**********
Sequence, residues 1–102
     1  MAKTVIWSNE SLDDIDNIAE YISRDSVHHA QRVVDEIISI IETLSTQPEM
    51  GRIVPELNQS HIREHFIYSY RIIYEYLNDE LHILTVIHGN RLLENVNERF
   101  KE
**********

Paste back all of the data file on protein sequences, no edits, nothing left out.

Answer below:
Sequence, residues 1–102
     1  MAKTVIWSNE SLDDIDNIAE YISRDSVHHA QRVVDEIISI IETLSTQPEM
    51  GRIVPELNQS HIREHFIYSY RIIYEYLNDE LHILTVIHGN RLLENVNERF
   101  KE